Bad Hair Night. It was Jay Buhner Haircut Night at the Kingdome last Thursday, and before the Mariners' game against the Rangers, 426 people lined up in front of 10 barber chairs to get a buzz cut just like the Seattle rightfielder's. "It was crazy," Buhner said. "Hair was flying everywhere. I should have collected some in case I need a weave someday." Among those who had their heads nearly shaved were a 60-year-old man and two women. Everyone who was sheared at the ballpark, plus 86 other fans who showed up with buzz cuts at the Kingdome, received a free seat in the rightfield bleachers. "Some of the ugliest-looking people I've ever seen," Buhner said when he looked up at his private cheering section. Before every inning Buhner tossed an outfield warmup ball into his cluster of fans. "It was the least I could do for anyone whose head looked like mine," he said.
Second Wind. In the nightcap of an International League doubleheader last Thursday, the Norfolk Tides beat the Scranton/Wilkes-Barre Red Barons 14-10 by scoring 10 runs in the top of the seventh (and last) inning after there were two out and none on. (Triple A teams play two seven-inning games in a doubleheader.) Eleven straight Tide hitters reached base, making a winner of outfielder Jim Vatcher, who had pitched a scoreless bottom of the sixth. Vatcher went to the mound because the Norfolk staff was worn out from the first game of the twin bill, which the Tides lost 1-0 in 13 innings. It was the second time in a week that the Red Barons had lost to an outfielder; the Richmond Braves' Brian Kowitz pitched the last three innings of a 17-inning game on May 12 and was credited with the win. "I've never seen anything like it," Norfolk manager Bobby Valentine said of the Tides' comeback. Even though closer Mike Cook was tired, Valentine sent him in to pitch the bottom of the seventh. "After we scored 10," Valentine said, "I thought, If we screw around and not win this game, we'll never win another."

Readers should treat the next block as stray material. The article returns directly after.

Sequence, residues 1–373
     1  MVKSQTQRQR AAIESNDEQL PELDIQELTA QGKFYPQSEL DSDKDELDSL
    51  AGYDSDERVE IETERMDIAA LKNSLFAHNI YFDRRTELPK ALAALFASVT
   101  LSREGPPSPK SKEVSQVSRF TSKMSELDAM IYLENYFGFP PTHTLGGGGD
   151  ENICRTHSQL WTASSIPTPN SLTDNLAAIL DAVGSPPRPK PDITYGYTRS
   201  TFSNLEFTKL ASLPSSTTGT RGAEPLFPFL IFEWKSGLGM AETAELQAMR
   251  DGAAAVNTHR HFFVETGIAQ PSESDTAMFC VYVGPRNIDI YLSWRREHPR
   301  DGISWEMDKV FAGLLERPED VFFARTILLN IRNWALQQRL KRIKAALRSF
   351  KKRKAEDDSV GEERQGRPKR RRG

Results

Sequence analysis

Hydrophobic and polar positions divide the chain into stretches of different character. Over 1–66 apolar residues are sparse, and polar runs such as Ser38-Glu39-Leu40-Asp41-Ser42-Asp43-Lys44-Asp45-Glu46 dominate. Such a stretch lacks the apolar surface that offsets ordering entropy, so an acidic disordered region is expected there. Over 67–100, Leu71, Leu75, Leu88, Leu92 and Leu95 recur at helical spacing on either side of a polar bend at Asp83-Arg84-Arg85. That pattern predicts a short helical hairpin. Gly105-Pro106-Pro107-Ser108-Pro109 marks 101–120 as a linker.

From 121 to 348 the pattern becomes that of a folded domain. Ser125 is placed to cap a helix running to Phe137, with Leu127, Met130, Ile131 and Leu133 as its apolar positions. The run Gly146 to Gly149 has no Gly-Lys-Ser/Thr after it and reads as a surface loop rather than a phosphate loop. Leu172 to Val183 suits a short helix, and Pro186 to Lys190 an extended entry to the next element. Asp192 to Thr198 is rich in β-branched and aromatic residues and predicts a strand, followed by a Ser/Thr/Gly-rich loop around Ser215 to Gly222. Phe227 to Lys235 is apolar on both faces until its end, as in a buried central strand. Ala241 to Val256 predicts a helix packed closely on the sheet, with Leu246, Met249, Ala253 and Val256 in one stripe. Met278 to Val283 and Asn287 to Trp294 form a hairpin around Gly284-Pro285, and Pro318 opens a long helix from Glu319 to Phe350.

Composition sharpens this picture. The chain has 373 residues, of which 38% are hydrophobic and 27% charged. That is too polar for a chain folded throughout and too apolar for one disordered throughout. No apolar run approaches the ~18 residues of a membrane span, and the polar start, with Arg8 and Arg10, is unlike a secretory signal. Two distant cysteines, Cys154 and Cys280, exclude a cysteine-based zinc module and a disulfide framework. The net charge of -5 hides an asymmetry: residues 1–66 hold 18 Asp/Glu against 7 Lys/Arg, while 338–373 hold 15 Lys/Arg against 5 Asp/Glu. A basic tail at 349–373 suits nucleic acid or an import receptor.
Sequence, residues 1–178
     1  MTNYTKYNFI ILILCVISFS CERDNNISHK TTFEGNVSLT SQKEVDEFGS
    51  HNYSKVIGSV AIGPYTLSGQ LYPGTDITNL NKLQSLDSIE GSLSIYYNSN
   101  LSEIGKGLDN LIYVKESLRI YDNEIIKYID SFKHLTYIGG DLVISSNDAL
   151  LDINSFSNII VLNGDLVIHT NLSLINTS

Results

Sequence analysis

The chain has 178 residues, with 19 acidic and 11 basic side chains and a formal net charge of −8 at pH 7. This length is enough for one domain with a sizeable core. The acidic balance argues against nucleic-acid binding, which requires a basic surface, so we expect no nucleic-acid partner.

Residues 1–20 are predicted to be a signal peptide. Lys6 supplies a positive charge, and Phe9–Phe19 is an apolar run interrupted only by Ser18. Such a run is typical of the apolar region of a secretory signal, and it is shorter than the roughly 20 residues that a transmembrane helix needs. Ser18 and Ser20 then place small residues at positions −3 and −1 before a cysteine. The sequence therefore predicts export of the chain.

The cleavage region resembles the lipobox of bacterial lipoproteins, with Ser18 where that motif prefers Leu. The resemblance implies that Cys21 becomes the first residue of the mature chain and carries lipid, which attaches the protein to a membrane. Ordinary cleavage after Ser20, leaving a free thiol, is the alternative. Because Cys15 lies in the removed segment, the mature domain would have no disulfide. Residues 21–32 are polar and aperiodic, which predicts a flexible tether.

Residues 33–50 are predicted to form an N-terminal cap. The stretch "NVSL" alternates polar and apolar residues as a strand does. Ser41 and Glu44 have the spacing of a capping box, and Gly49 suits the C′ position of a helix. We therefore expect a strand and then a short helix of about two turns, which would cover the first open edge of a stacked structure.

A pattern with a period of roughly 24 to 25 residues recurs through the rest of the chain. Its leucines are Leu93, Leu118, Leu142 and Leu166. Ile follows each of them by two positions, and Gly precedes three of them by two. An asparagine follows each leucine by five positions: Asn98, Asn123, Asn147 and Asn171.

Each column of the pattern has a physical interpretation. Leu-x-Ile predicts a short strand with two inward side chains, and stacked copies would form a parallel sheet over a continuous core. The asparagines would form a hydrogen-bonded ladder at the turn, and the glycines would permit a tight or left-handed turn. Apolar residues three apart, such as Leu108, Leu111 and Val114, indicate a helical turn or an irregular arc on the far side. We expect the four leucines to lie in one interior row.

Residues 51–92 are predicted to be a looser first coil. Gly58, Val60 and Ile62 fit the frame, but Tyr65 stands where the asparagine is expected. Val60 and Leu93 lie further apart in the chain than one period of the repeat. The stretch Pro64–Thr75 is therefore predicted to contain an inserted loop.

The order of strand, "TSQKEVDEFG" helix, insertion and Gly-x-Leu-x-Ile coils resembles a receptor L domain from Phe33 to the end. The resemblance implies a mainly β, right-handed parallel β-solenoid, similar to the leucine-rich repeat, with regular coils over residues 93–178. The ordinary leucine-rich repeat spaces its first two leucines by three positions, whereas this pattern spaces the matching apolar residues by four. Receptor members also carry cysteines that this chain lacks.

Team Effort. They've been playing baseball in the National League for 118 years, and until this season there had been only one game in which six pitchers had combined for a shutout. Then it happened twice in three days: Six Marlins blanked the Mets on May 15, and six Cardinals shut out the Pirates on May 17.